Harry Potter and the Half-Blood Prince (Harry Potter, #6)

ISBN: 0439785960
ISBN 13: 9780439785969
By: J.K. Rowling Mary GrandPré

Check Price Now

Genres

Adventure Children Childrens Favourites Magic Re Read Sci Fi Fantasy Series Ya Young Adult

About this book

The war against Voldemort is not going well; even the Muggle governments are noticing. Ron scans the obituary pages of the Daily Prophet, looking for familiar names. Dumbledore is absent from Hogwarts for long stretches of time, and the Order of the Phoenix has already suffered losses. And yet, as with all wars, life goes on. Sixth-year students learn to Apparate—and lose a few eyebrows in the process. Teenagers flirt and fight and fall in love. Classes are never straightforward, though Harry receives some extraordinary help from the mysterious Half-Blood Prince.So it's the home front that takes center stage in the multilayered sixth installment of the story of Harry Potter. Here at Hogwarts, Harry will search for the full and complex story of the boy who became Lord Voldemort—and thereby find what may be his only vulnerability.

Reader's Thoughts

Thomas

"I enjoyed the meeting too," said Luna serenely. "It was like having friends."And that, my friends, is why I love Luna Lovegood.But, on a serious note, this book blew me away. Even though I read it over a month ago the feelings of yes yes this is why everyone loves this series so much thank you yes still reverberate throughout my being when I think about it. This sixth installment incorporated a perfect mixture of action, romance, mystery, and wizardly happenings. All of the overarching plot lines: the romances between Harry and Ginny and Ron and Hermione, the disappearance of Dumbledore, the continuing evolution of the prophecy, etc. came together to create a captivating story full of twists and fresh, likeable characters. While this one and the seventh book are tied in terms of being my favorite, if I had to choose one book that really captured the essence of Harry Potter, I'd probably pick this one.My favorite moments revolved around Ron and Hermione. I loved their mutual jealousy and affection and how neither of them succumbed to insta-love. Overall I would recommend this to any fans who enjoyed books 1-4; the quality of this installment makes the hot mess that was the fifth book a distant memory.

Jake

The first time I read it at camp, I was bored and taken aback by what I saw as worthless and superfluous backstory. I openly mocked the counselors and campers who cried as a result of the famous murder.I reread it this past week in anticipation of the final chapter and am embarassed to say that I came close to spilling tears on the Metro as I finished it. This book is better than I remembered, and the history IS significant. It sets up the seventh perfectly and escalates the war and plot in ways no one could have guessed.The character development is astounding, and truly makes you take notice of how little you knew until this book. Dumbledore and Voldemort are fleshed out to an extent we hadn't seen before, and if possible, makes Dumbledore even more likable. He represents all that is good and loving and warm in the world, and Tom Riddle is his total opposite in every way. Voldemort is pure evil, but he never crosses the line of becoming a caricature of the villain. His torture of small children, his charm of the teachers, his murder of his own family, his desperation to achieve immortality at the expense of innocent lives, it almost overwhelms the reader to see such a character thrive in the wizarding world. Furthermore, Slughorn was one of the best additions to the books and his likable smarm added humor and warmth to an occasionally chilling book. He wasn't loathsome like Umbridge, annoying like Lockhart, conflicted like Lupin. He knew exactly what he wanted and had no qualms using the kids to do it, and for some reason, it was highly enjoyable to watch his antics unfold.And, of course, more Ginny means more joy. She's by far one of the best characters in the entire series. Ginny represents strength and bravery arguably more than any other character in the series, and constantly looks after those that are bullied and belittled. In short, she's perfect.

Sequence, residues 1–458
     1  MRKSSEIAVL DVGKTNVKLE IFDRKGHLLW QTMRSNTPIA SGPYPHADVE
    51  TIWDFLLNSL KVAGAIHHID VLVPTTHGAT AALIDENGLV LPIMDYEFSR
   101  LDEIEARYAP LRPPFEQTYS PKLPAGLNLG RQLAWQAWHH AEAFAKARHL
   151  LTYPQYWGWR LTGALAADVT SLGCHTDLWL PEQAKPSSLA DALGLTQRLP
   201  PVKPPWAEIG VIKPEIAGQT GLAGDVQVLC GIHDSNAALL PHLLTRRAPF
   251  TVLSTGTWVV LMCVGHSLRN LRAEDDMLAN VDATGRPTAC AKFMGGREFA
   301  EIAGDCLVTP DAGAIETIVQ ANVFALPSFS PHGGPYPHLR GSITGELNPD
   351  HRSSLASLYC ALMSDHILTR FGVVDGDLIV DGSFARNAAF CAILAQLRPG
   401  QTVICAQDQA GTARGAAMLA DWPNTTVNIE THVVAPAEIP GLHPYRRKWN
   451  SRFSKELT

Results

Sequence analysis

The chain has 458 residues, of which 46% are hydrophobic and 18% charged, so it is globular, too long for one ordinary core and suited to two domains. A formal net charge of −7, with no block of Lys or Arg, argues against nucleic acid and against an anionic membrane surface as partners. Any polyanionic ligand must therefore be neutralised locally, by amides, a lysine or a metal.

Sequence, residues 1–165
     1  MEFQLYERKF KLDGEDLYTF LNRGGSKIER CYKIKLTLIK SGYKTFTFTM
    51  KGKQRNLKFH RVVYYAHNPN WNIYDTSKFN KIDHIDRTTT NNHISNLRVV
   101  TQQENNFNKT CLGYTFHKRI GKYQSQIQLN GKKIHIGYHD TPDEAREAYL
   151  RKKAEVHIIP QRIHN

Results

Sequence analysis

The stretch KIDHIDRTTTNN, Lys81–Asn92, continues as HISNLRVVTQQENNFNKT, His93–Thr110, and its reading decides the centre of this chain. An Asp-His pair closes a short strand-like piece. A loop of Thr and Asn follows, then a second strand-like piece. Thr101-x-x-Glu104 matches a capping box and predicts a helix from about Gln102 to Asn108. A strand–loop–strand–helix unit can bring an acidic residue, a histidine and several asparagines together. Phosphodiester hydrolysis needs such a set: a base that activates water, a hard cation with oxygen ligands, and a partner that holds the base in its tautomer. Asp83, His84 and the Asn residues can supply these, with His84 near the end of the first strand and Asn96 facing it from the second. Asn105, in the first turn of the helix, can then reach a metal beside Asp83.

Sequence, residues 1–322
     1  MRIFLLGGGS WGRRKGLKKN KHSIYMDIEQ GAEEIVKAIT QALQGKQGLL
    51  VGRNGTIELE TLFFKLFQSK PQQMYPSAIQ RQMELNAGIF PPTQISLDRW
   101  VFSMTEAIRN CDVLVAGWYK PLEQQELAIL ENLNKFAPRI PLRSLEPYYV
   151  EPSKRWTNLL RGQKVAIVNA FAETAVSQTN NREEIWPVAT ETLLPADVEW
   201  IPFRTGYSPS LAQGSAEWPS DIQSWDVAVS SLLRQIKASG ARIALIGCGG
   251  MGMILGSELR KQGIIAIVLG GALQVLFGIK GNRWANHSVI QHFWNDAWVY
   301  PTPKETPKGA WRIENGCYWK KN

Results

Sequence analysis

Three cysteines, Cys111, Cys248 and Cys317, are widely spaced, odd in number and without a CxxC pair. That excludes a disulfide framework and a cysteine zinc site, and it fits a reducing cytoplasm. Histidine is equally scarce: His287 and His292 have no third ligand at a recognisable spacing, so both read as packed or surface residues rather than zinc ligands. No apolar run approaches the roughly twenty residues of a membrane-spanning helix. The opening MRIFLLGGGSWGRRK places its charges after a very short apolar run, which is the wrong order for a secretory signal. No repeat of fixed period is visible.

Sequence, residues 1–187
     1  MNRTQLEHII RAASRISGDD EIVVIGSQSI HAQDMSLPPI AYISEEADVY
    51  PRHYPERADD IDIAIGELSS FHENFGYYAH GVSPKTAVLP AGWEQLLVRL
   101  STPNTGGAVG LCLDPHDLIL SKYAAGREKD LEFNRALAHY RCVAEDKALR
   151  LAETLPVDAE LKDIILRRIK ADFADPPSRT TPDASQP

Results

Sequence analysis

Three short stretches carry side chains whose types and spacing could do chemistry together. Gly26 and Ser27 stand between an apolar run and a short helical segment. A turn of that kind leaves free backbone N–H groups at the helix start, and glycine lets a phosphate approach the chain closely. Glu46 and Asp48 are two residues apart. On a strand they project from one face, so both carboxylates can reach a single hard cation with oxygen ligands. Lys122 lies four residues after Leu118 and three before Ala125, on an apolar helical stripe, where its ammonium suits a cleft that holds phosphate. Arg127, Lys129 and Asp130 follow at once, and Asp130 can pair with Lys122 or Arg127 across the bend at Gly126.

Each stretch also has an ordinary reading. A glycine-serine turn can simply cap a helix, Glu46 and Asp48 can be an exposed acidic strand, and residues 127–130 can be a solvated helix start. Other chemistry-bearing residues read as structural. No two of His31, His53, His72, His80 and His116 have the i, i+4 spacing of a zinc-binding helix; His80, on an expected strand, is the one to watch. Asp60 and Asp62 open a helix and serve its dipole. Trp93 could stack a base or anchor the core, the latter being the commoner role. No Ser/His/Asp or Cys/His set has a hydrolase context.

Mikey

I wanted to like Harry Potter and the Half-Blood Prince. Really, I did. After the huge disappointment of The Order of the Phoenix, I was ready to have fun again. But the same problems that plagued the fifth book are here in the sixth; this novel is more of a chore to get through than anything else, and long passages go by in which absolutely no action takes place. In fact, the whole book is inactivity; the plot consists of - get this - Harry learning about Voldemort's past. This is nothing that couldn't have been treated in other books with several asides, or even with Voldemort's own book. But no, Rowling felt that this needed to be spread incredibly thin over hundreds and hundreds of pages. She's still not a very good writer, and she badly needs a good editor. There's no reason for one, though; at this point, Rowling could sell the phone book under the title Harry Potter and the Unlisted Number and it would probably sell millions. As for The Half-Blood Prince, 300 pages could easily be removed from its text without anybody - the author included - noticing.

lamarcus brown